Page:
Six weeks after alloy insertion, the graft appeared unremarkable. No border between graft and host bone. The metaphyseal cancellous bone appeared stable around the graft area. The cortical diaphyseal bone diameter was apparently increased but the shape was normal cylindrical and smooth. Twelfth weeks after surgery, the alloy was completely absorbed. Only spongy bone was observable. The proximal diaphyseal cortex appeared obviously increased in diameter.
In the graft, vascular proliferation was observed including some osteoclastic activity. In the alloy area were seen few lamellar necrotic tissue, fine vascular proliferation, and enlarged Haversian canals (Fig. 12). As implant absorption takes place, osteoclast activity was undisrupted.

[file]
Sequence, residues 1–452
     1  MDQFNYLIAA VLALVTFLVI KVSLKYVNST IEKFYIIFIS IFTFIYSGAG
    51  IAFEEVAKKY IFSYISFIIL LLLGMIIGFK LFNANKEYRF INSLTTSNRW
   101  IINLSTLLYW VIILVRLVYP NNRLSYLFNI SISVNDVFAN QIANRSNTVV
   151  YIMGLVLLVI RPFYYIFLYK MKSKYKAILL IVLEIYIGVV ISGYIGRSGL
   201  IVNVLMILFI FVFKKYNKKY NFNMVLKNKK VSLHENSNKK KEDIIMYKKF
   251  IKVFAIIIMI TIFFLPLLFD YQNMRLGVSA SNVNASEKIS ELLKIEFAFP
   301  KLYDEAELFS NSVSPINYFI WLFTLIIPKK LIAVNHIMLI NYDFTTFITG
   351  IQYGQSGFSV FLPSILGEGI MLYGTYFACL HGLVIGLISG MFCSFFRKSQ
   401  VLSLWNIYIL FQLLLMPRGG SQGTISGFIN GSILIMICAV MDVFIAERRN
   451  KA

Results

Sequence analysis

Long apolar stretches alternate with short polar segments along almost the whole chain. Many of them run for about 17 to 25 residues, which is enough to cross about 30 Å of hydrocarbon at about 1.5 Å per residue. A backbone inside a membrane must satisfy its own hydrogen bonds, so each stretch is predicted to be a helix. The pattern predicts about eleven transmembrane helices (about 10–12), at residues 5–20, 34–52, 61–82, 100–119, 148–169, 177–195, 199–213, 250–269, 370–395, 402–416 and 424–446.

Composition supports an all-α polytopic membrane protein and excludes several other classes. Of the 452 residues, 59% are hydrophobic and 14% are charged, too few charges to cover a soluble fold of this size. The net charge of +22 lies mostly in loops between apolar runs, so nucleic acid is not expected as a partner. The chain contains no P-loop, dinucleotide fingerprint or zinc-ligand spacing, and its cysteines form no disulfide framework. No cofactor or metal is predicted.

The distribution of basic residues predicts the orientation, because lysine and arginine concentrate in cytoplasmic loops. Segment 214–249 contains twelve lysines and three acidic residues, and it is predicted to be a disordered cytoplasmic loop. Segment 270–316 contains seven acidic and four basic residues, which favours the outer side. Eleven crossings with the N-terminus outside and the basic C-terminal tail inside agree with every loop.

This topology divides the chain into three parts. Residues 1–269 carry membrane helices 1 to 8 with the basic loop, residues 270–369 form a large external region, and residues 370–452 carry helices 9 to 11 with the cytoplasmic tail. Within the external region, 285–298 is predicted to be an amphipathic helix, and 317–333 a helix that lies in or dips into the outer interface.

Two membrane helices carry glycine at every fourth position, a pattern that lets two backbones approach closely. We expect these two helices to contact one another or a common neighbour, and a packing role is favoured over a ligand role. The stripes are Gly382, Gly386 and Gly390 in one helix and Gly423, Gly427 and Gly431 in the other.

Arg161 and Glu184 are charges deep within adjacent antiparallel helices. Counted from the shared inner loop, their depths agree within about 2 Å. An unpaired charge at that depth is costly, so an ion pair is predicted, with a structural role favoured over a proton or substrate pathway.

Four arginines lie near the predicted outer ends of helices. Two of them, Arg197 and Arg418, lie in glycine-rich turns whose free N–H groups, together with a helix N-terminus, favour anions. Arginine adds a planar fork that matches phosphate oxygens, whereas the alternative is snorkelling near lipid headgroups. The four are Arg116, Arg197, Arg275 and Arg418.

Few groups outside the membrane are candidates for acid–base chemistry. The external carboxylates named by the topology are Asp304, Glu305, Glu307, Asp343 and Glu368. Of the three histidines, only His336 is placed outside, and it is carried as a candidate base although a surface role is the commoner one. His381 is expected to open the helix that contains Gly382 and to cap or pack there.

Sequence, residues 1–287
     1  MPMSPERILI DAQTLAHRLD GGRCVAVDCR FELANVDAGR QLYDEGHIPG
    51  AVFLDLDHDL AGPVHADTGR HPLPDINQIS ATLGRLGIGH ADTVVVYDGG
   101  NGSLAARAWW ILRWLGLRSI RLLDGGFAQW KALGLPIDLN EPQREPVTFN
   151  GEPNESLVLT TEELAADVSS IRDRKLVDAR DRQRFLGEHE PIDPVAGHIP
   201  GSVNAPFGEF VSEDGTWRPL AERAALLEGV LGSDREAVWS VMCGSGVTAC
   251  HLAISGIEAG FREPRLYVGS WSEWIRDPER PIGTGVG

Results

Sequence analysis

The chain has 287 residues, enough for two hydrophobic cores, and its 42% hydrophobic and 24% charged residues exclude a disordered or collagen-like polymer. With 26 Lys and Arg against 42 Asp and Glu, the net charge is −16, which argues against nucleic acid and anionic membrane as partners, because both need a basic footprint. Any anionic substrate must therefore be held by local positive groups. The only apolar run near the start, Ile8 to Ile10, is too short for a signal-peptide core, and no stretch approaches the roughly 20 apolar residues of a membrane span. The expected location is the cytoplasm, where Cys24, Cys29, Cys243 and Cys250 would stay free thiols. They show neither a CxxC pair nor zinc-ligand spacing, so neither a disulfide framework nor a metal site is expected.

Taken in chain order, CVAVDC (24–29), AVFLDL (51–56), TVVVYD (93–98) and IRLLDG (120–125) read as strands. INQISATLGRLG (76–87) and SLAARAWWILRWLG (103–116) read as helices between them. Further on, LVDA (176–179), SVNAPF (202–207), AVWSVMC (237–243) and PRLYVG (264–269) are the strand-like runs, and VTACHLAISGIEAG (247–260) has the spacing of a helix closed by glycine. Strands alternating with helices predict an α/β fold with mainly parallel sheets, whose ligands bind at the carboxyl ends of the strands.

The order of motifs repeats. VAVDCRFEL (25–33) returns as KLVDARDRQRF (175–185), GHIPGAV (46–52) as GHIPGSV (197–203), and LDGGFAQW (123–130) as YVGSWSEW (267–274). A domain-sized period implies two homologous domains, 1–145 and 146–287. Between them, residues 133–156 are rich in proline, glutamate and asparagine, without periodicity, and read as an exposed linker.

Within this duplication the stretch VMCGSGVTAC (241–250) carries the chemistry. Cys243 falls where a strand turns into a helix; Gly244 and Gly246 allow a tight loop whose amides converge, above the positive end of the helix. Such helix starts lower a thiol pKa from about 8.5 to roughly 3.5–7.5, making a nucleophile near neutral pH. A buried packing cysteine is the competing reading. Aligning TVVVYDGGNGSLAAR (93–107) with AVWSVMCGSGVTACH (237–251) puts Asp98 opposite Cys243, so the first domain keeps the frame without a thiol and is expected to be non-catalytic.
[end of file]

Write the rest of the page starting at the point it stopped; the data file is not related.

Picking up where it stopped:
Osteonecrosis is a disease of unknown pathogenesis that usually progresses to hip joint destruction necessitating total hip arthroplasty. The pathology involves ischemic events followed by death of bone and marrow elements (Mont et al. 1998). Because the results of hip arthroplasty in patients with osteonecrosis are relatively poor, much focus has been on modalities aimed at femoral head preservation (Xiaobing et al. 2015). Thus, to succeed in establishing that, the liquid nitrogen technique, easier and convenient, was used in this study because it achieves a high success rate with reliable osteonecrosis and a short pathological process and the basic properties of the bone are maintained (Berglund et al. 2016; Huang et al. 2013). In this study, the ONFH was properly established with the liquid nitrogen technique used, leading to a collapse of the femoral head in the control group and restoration of the femoral with perfect osteoids formation in the treatment group.